Entrepreneur takes high-fashion clothing line to next level
In her early 20s, while Joelle Jean-Fontaine toiled at a telemarketing firm, her heart was in fashion. She spent most weekends in New York City collaborating on fashion shoots with a photographer friend.
“We would come up with different concepts and then shoot the concepts for a photospread,” she said.
Pouring her passion into design, Jean-Fontaine soon found herself out of a job and at a crossroads.
“I got fired,” she recalls. “I was thinking, ‘How do I tell my husband?’”
On the web
For more on Kréyol, visit: http://iamKréyol.com
Kréyol on Facebook: www.facebook.com/I.AM.KRÉYOL/
Kréyol on Twitter: https://twitter.com/iamkreyol
Kréyol on Instagram: www.instagram.com/iamkreyol/
For more on Nineteenth Amendment, visit: https://nineteenthamendment.com/
As she drove home, she heard Jill Scott’s song “Golden” playing on the radio with its catchy refrain, “I’m taking my freedom.”
By the time she was home, she knew what her next move would be. Her photographer friend had parlayed her photoshoots into a gig with the transcultural arts and culture magazine Trace. Jean-Fontaine secured an internship there.
“I wanted to learn everything about the fashion world,” she said. “I knew I wanted to create.”
Jean-Fontaine continued to design clothing by night, while learning about the business by day. She soon found she preferred to stay on the creative end of the business.
“The fashion world is very cut-throat,” she said. “I’m very down-to-earth.”
While she enjoyed the experience, Jean-Fontaine had a husband and son in Boston and also had to make long weekly commutes to participate in the New York fashion scene. She soon returned to Boston and an office job.
By 2010 her clothing design pursuits led her to launch her clothing line, Kréyol. Over the last six years, Jean-Fontaine has developed products and created collections for boutique stores.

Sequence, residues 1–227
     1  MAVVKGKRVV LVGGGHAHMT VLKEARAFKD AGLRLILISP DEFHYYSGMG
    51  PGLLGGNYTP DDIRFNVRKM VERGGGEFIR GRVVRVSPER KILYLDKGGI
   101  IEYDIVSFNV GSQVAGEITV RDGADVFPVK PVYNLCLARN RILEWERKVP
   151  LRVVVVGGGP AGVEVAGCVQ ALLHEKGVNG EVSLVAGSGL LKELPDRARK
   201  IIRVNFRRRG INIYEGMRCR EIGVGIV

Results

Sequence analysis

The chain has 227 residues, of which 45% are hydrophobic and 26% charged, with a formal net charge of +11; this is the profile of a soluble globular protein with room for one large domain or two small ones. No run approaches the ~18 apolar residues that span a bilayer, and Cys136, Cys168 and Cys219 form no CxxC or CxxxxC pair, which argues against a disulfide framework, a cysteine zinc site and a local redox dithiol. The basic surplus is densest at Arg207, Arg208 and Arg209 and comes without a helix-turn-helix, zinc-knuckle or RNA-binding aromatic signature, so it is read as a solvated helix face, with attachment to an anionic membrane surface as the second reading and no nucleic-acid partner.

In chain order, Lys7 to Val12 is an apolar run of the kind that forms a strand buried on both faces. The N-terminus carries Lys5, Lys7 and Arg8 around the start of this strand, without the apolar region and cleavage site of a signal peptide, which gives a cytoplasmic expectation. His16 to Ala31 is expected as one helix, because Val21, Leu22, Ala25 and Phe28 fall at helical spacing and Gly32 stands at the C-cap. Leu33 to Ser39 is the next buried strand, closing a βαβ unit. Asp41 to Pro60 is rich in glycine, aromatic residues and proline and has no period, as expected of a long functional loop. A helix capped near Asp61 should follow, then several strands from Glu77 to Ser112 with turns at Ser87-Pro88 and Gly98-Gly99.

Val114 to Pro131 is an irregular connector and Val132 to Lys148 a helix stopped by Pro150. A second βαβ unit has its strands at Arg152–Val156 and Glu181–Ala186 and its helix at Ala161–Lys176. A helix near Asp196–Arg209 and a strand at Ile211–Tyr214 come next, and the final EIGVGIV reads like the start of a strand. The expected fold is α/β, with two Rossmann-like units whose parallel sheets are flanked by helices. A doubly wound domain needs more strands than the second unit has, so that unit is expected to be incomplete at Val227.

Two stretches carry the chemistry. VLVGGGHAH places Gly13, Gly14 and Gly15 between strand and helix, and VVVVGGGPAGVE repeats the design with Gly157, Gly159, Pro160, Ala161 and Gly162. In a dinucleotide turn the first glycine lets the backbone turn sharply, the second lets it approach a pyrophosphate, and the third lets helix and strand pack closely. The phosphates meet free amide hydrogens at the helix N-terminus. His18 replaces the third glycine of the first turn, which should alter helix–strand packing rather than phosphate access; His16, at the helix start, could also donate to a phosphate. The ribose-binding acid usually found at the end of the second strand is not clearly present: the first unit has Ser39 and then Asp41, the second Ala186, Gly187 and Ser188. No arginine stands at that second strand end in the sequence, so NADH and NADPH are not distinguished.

In her start-up phase, Jean-Fontaine worked with her mother to produce her designs, then brought the samples to trunk shows — events where purchasers review new designs and place orders. For large orders, she has relied upon Nineteenth Amendment, a fashion platform startup that helps little-known designers turn their brand into a business. Customers can order clothing directly from a designer’s website. Designers upload garment patterns and technical specifications, secure production quotes from a group of U.S.-based manufacturers, then, after a designated pre-sale period, oversee the production process. The made-to-order, U.S.-made garments are shipped to consumers within weeks. Profits are split between the designer and Nineteenth Amendment. This business model is a significant departure from the traditional one, wherein designers display their work at a runway show, after which buyers place orders with a six-month turnaround.
Last year Jean-Fontaine showed her designs at a trunk show in Macy’s Herald Square location, securing orders from boutiques as well as from the department store.
But Jean-Fontaine says she needs to expand.
“Our business is consistently growing,” she said. “My mother is sewing full-time. But we’ve never been able to meet the demand. People come to our website and can’t find garments in their size.”
This year, Jean-Fontaine plans to relaunch Kréyol with in-house production. She left her office job, is living off savings and income from Kréyol and now works with Epicenter Community to develop her new business.
To be successful, she estimates she will need four employees and the industrial sewing machines necessary for garment production. She is planning a $100,000 Kickstarter campaign in June to acquire the funding to hire the workers and secure equipment and space.
Back to her roots
As for buyers, Jean-Fontaine says the demand is there.
“We’ve had boutiques reach out to us,” she said. “We’d like to be in specialty boutiques where we can control pricing and control our products.”
Boutiques will often purchase individual pieces from designers or entire collections. Either way, Jean-Fontaine plans to be ready for them come fall.
“For any season, we’ll be able to produce several hundred items,” she said. “The goal is to have inventory in multiple boutiques. We want to be in multiple cities.”
Ultimately, Fontaine would like to set up shop in Haiti, where she was born and spent much of her childhood. Before the 2010 earthquake, the island had a thriving garment industry and a strong tradition of needlework. Her grandfather made leather goods and her mother still sews for Kréyol. By moving production to the island, Fontaine says she could help create much-needed jobs there.
“A lot of people are interested in revitalizing the industry there,” she said.